More Advanced Song of Blades and Heroes gaming this week, with Matt, Derek, John, and Pat each fielding a Hero and Sidekick as they search for the Treasure of Sagra-Bayar.
Each player has their own reasons for finding the treasure, but their goals align – at least for the moment – and they must work together against a common enemy.
As this was the first meeting, each player had only one player model available for the mission. (Got to make sure they’re going to play nice together)
Even worse, they were forced to make a difficult choice right away: rescue the Seer under attacked by murderous raiders, or save the ancient rune stone about to be smashed by an enraged giant. Each offered different benefits and rewards, but given their strength and time constraints, they could only help one.
Hearing the giant’s hammering blows in the distance, the party chose to aid the Seer. The battle quickly devolved to individual combat as the raiders turned to face the new threat. Boasting and over-confident, the Ork Tracker went down early on, severely wounded. His new-found companions came to his rescue however, including the Seer, who revived him.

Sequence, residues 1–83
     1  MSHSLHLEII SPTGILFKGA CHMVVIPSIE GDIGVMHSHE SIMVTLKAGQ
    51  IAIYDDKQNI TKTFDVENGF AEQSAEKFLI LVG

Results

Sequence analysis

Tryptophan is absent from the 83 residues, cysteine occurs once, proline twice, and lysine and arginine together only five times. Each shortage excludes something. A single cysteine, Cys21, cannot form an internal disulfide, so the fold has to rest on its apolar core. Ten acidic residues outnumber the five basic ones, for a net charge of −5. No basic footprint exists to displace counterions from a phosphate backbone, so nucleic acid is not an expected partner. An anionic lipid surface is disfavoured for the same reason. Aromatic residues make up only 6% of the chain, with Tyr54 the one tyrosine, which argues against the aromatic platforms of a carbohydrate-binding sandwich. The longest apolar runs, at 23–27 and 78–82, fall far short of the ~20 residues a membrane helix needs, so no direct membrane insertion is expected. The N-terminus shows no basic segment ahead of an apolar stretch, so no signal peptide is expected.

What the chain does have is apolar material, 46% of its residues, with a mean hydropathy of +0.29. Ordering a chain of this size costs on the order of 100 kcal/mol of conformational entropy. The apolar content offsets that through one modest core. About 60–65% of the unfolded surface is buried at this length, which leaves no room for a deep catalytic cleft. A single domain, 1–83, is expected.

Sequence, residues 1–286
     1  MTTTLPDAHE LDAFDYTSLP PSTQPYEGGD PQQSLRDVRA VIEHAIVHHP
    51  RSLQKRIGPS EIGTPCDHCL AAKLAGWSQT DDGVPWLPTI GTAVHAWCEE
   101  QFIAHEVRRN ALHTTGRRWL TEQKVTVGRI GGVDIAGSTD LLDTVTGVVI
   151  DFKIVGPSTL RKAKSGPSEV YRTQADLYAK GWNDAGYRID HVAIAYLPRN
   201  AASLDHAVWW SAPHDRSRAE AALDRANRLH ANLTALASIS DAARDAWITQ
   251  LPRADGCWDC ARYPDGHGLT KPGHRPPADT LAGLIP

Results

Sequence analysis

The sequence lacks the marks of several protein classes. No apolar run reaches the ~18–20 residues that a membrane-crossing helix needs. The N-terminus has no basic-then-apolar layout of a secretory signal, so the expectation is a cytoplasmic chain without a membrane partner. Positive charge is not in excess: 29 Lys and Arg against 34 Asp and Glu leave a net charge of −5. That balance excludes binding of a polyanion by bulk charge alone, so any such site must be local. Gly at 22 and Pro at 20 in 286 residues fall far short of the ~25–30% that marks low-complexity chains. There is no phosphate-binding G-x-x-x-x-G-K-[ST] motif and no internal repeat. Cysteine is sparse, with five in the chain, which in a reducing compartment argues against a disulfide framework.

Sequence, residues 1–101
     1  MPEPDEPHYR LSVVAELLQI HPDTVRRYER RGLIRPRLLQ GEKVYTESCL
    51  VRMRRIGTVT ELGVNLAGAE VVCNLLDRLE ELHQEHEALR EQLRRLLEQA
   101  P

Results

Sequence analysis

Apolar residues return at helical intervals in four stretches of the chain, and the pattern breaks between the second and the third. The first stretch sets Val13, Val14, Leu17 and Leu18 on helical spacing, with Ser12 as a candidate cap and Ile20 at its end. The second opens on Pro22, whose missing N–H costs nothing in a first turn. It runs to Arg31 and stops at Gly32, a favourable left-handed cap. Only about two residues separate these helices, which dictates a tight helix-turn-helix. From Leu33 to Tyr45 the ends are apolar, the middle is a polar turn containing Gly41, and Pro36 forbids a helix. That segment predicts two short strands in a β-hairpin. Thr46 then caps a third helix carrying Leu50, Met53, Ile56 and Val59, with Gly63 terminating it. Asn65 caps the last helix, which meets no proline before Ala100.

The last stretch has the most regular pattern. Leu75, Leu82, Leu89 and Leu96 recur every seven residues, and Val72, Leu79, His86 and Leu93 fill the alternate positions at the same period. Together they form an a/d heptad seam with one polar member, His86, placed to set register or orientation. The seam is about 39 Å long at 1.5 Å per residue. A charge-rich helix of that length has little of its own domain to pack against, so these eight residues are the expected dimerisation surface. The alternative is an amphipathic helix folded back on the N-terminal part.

Derek’s Elf Druid dispatched two of the crazed barbarians with his spear while Dragonkin and the Dwarf accounted for one more apiece. Seeing his mates dispatched, the remaining raider fled.
The grateful Seer not only resurrected the Ork but informed the party as to the whereabouts of a possible entrance to the treasure fortress. Each player also received an enchantment on one weapon or article of equipment.
Unfortunately, the Rune Stone was demolished.
Reluctant allies for the moment, the party bound up their wounds, re-sharpened their blades, and went off together toward the Pass at Guhna-Tel.
More next week. Have a great day.
2 thoughts on “Reluctant Allies”
Good stuff; love me some SOBH. I’d like to hear more about how you’re structuring your campaign. Seems like there’s a strong narrative component to it.
The problem is I have stories bouncing around in my head – to the point where I see a nice fig or set of figs and an entire scene spools out on the floor of my mind. So I tend to create 3-Acts that allow me to string together excuses for tactical combat. It’s a bit of extra work to write up a 1 page backstory and a few sentences for each scenario, but it flavors what would otherwise be weekly slugfests. I think story engages players and enhances the experience. It helps gamers invest in the time as well as their figs.
*gosh* that might sound odd but there it is.